Sonia Phillips photo
Sonia Phillips

Carrie Cox, PHR, SHRM-CP

Senior Organizational Development Consultant,
Organizational Development & Family Business Services
Carrie has experience in a variety of human resource functions, including labor laws, compensation structures, employee classification, benefits administration, performance management, and human resource best practices. She has served clients in a number of industries including manufacturing, construction, banking, and not-for-profits. Carrie is a member of the national and local chapters of the Society of Human Resource Professionals (SHRM) and serves on the Wichita chapter board of directors.

She is a certified practitioner for the Myers-Briggs Type Indicator® and the Hay Group’s Emotional and Social Competency Inventory. Her additional certifications include Professional in Human Resources (PHR) from the Human Resource Certification Institute and SHRM-CP designated by the Society for Human Resource Management.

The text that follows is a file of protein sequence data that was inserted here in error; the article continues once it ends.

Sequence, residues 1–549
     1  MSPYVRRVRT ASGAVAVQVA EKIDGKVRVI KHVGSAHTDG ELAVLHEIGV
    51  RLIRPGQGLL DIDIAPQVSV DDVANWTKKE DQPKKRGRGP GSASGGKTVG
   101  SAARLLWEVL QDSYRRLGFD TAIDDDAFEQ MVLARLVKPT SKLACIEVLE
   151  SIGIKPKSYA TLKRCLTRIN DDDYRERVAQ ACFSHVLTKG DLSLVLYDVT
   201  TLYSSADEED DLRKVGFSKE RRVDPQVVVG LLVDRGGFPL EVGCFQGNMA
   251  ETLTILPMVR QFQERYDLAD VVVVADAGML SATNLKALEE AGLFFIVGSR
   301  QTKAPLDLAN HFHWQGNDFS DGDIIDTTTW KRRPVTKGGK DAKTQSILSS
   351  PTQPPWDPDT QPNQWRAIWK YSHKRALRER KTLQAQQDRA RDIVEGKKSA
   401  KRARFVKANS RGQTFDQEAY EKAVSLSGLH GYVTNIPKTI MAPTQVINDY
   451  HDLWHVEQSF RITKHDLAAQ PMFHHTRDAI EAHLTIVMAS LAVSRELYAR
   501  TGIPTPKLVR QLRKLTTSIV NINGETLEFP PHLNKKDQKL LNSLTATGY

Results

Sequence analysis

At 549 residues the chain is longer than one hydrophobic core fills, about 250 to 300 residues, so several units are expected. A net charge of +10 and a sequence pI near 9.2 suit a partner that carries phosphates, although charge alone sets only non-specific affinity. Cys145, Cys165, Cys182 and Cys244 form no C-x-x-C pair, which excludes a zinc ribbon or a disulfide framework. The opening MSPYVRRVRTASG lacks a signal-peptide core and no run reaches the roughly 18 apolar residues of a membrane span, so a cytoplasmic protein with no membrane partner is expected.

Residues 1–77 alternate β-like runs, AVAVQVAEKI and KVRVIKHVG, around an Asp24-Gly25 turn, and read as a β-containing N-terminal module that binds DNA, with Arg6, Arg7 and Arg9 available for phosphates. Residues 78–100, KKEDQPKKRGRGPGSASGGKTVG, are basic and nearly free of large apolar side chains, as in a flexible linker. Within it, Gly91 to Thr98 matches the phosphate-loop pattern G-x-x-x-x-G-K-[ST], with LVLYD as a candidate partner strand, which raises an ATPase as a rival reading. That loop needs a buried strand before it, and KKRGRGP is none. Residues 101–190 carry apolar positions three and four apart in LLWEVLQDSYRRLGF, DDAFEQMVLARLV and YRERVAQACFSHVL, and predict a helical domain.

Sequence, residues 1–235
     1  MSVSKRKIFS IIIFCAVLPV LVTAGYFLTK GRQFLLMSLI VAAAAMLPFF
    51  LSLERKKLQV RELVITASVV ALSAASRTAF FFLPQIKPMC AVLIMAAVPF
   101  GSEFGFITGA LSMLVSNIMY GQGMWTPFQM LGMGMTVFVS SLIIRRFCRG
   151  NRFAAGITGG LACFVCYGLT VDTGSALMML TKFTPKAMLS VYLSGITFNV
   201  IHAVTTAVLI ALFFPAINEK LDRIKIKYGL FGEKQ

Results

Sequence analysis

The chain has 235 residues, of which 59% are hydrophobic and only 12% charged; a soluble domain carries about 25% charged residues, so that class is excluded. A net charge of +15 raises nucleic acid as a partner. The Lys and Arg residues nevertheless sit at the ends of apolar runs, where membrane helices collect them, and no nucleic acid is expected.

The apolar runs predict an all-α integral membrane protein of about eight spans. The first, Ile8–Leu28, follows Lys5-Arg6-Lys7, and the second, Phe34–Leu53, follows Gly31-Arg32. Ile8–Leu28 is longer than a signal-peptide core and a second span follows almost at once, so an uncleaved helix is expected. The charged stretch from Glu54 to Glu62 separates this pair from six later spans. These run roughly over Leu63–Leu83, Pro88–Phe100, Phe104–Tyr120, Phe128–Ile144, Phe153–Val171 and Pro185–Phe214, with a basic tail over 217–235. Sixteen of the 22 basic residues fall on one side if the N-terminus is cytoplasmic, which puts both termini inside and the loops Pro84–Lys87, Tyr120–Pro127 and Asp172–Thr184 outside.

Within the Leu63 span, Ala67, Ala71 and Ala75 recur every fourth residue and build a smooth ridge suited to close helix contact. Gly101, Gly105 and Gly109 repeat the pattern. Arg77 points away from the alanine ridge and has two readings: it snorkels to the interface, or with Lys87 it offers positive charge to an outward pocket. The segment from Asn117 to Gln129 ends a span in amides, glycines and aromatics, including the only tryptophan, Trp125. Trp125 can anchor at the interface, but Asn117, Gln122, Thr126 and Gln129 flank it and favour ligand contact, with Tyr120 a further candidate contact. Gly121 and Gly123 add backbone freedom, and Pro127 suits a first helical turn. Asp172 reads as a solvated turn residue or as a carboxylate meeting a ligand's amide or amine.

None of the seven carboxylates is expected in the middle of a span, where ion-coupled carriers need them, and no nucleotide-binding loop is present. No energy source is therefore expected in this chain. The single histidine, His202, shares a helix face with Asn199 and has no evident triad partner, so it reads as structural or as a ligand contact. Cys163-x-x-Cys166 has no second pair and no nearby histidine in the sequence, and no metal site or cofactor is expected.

Carrie Cox photo
Carrie Cox, PHR, SHRM-CP
Share this page

NOTE: Any advice contained in this material is not intended or written to be tax advice, and cannot be relied upon as such, nor can it be used for the purpose of avoiding tax penalties that may be imposed by the IRS or states, or promoting, marketing or recommending to another party any transaction or matter addressed herein.

Information in this document has been obtained by Allen, Gibbs & Houlik, L.C. from sources believed to be reliable. However, AGH does not guarantee the accuracy nor completeness of any information. This communication does not and is not intended to provide legal, accounting or other professional advice or opinions on specific facts or matters, and accordingly, AGH assumes no liability whatsoever in connection with its use. Nothing in this communication can be used to avoid penalties that may be imposed by a governmental taxing authority or agency.